George Christie talked about his life as the former leader of the notorious motorcycle club, Hells Angels. Evie Hemphill | St. Louis Public Radio
As a young boy in the ‘50s, George Christie remembers being in awe when he first saw a motorcyclist coming through town on a decorated Harley Davidson wearing a Levi vest with the sleeves cut off.
“That just stuck in my mind,” Christie described to St. Louis on the Air host Don Marsh on Friday’s program, “… [Someone] talking to my father became so upset [at the motorcyclist] and I thought, ‘gee, this is a pretty powerful position [the motorcyclist] is in and he’s not even paying attention to anybody, he’s just minding his business.’”
Christie later went on to become a leader of the notorious Hells Angels Motorcycle Club and remained dedicated up until one day in 2011, when he left the gang after deciding that he would not partake in the many fights the gang was involved with.
“We were fighting every major bike club in the world at the time,” he explained. “Historically, when you run out of people to fight, you turn inward and I said, ‘I don’t want to be here for that.’”
So how does one quit the Hells Angels? Christie said “very carefully.”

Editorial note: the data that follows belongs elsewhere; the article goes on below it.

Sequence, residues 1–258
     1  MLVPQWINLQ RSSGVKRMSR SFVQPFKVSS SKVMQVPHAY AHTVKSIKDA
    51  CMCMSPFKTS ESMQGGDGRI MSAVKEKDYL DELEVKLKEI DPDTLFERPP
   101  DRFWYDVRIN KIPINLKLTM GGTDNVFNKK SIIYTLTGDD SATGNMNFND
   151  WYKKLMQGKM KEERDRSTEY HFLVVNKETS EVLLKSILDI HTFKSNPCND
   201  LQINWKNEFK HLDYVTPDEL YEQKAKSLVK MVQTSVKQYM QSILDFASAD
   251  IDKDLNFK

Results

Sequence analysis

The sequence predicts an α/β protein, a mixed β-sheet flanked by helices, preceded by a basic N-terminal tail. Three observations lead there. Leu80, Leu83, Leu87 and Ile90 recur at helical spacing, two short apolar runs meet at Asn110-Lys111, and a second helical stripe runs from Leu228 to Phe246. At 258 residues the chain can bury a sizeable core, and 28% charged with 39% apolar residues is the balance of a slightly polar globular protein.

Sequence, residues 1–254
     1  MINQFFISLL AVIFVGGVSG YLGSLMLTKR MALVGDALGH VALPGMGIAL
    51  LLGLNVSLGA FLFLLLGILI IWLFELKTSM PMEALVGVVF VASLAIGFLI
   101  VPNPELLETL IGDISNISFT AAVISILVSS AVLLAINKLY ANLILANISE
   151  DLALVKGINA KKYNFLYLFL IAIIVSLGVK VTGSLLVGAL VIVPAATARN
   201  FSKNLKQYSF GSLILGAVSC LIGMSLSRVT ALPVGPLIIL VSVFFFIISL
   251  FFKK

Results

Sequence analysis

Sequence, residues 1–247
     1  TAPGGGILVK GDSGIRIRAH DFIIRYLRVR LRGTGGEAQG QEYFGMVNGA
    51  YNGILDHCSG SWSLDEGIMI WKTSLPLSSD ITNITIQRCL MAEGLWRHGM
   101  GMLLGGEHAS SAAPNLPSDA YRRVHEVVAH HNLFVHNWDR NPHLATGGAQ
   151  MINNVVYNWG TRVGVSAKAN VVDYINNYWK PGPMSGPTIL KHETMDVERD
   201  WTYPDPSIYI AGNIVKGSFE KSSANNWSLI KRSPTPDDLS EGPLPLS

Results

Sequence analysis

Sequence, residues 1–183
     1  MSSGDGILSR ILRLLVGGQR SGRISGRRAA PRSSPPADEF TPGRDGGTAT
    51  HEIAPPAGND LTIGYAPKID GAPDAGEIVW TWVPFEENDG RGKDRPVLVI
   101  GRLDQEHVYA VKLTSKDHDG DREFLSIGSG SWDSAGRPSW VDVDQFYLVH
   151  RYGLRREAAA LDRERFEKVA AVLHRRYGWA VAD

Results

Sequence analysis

Christie shocked fellow club members when he walked into their meeting and announced his decision to quit.
“I took my patch off, folded it up … and the walk to the door to cross that threshold out into the street was the longest walk I ever took,” he said. Upset with Christie’s decision, the motorcycle club banned any members from interacting with Christie.
“I’ve been very cautions. I’m not in fear of my life … I don’t lose any sleep at night but it’s something I think about,” he added.
Since his departure, Christie transitioned to a new career in writing, speaking, promoting concerts and consulting for defense attorneys. Christie portrays his life in the motorcycle gang and beyond in the the solo stage production, "Outlaw."